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Fertility Differences between Married and Cohabiting Couples: A Switching Regression Analysis

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Author Info

  • Zhang, Junfu

    ()
    (Clark University)

  • Song, Xue

    ()
    (affiliation not available)

Abstract

Little is known about why cohabiting couples have fewer children than married couples. We explore the factors that explain the difference in fertility between these two groups using a switching regression analysis, which enables us to quantify the contribution of different factors through a decomposition of the difference. We find that married couples have more children than cohabiting couples primarily because marriage provides stronger incentives for specialization in household production. Unobserved self-selection plays a less important role.

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Bibliographic Info

Paper provided by Institute for the Study of Labor (IZA) in its series IZA Discussion Papers with number 3245.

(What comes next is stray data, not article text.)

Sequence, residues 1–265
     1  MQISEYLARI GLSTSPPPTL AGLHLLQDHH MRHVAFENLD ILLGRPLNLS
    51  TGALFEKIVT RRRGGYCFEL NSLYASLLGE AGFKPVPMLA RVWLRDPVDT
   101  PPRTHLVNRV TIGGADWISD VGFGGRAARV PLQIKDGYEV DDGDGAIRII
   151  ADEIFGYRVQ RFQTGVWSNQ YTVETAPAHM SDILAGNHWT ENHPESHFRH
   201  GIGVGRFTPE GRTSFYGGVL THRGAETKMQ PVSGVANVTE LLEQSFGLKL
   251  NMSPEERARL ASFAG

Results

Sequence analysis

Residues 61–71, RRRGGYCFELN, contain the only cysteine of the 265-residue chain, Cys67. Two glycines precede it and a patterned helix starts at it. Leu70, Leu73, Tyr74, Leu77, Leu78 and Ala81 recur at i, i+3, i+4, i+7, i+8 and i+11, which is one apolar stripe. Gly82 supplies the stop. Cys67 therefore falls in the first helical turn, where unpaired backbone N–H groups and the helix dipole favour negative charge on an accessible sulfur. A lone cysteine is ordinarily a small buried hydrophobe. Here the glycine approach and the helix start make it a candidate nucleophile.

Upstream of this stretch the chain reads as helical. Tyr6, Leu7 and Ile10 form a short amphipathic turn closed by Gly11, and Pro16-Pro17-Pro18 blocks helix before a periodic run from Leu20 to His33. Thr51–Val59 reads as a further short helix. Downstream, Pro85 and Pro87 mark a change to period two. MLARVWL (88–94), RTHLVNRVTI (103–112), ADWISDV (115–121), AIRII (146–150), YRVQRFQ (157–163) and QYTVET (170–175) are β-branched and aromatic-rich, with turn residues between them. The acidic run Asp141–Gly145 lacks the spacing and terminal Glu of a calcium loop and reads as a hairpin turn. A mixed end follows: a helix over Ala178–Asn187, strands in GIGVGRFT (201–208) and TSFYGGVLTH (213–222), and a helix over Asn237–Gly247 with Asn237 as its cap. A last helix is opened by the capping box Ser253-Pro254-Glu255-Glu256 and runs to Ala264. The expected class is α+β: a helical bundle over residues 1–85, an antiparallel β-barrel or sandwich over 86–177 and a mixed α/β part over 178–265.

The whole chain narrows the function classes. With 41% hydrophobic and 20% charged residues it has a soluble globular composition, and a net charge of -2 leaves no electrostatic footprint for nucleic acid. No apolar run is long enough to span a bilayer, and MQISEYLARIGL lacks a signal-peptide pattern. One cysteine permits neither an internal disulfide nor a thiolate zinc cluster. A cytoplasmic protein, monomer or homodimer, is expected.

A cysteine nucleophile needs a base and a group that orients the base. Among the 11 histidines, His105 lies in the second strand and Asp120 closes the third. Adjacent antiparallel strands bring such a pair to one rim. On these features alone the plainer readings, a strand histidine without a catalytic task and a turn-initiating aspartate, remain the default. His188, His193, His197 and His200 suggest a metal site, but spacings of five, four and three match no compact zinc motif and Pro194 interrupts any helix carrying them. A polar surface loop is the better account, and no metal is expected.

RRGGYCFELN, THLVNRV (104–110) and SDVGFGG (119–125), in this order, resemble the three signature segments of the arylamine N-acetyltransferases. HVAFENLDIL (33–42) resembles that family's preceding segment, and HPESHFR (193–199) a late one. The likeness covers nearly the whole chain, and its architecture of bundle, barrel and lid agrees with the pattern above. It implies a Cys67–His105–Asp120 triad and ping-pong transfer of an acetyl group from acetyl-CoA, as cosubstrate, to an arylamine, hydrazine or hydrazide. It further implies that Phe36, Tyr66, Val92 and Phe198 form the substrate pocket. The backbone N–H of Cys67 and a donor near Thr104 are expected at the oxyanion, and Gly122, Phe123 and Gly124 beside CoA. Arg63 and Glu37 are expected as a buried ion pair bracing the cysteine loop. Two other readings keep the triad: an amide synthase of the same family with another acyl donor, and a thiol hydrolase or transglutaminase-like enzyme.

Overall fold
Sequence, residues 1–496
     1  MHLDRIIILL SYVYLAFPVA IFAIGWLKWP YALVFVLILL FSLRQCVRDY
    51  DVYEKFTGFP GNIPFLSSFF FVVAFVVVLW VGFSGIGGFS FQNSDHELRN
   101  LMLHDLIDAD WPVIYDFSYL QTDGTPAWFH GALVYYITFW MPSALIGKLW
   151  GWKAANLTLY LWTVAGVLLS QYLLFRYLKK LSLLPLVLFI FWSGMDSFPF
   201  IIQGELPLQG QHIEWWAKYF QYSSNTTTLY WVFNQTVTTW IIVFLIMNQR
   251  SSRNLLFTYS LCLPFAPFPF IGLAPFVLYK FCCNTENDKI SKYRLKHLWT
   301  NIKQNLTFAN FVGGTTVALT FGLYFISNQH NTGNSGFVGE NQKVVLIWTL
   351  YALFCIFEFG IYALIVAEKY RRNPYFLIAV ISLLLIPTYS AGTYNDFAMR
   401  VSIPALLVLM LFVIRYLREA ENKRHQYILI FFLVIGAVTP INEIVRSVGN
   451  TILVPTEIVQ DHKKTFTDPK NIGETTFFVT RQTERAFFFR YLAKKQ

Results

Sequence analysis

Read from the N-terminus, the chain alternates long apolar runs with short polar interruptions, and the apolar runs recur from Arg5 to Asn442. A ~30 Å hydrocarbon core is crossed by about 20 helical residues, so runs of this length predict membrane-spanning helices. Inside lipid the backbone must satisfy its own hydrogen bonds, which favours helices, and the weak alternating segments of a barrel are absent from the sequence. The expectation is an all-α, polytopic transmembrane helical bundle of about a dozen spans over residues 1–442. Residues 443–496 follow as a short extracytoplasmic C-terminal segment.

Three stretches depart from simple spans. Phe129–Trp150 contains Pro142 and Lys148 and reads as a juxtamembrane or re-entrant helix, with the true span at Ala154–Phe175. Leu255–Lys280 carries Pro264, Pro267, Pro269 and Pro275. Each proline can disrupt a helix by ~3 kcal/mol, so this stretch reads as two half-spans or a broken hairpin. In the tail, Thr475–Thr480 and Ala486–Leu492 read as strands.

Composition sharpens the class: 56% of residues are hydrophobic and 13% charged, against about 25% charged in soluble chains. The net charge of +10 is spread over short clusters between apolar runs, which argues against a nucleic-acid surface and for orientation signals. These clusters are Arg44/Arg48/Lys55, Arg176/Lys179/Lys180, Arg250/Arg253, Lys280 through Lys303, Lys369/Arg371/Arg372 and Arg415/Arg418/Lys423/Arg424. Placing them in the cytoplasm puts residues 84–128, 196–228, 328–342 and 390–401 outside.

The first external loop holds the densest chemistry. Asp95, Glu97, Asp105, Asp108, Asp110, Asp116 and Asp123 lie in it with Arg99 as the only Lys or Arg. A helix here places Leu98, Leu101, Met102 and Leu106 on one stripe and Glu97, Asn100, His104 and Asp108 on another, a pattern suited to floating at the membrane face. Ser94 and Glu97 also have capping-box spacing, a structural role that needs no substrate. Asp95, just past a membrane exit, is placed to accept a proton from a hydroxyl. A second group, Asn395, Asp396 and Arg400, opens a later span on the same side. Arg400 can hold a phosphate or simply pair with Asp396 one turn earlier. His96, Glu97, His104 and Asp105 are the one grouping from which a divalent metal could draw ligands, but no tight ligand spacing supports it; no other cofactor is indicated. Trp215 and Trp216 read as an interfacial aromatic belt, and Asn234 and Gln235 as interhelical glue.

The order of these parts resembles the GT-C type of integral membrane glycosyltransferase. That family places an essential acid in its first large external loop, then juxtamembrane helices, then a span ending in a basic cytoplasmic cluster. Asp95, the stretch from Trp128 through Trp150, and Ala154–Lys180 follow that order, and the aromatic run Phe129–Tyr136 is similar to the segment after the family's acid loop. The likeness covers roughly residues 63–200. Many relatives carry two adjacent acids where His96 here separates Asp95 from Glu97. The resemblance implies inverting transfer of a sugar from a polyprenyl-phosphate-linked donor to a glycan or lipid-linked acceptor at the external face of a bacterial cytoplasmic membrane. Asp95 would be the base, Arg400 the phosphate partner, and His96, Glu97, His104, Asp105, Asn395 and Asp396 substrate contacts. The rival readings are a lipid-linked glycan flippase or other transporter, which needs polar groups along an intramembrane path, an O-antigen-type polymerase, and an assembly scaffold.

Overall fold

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Length: 34 pages
Date of creation: Dec 2007
Date of revision:
Handle: RePEc:iza:izadps:dp3245

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Related research

Keywords: fertility; marriage; cohabitation; switching regression; self-selection; household specialization;

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References

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  1. William Axinn & Marin Clarkberg & Arland Thornton, 1994. "Family influences on family size preferences," Demography, Springer, vol. 31(1), pages 65-79, February.
  2. William H. Greene, 1995. "Sample Selection in the Poisson Regression Model," Working Papers 95-06, New York University, Leonard N. Stern School of Business, Department of Economics.
  3. Becker, Gary S & Lewis, H Gregg, 1973. "On the Interaction between the Quantity and Quality of Children," Journal of Political Economy, University of Chicago Press, vol. 81(2), pages S279-88, Part II, .
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Cited by:
  1. Delia Furtado & Nikolaos Theodoropoulos, 2009. "Intermarriage and Immigrant Employment: The Role of Networks," CReAM Discussion Paper Series 0906, Centre for Research and Analysis of Migration (CReAM), Department of Economics, University College London.

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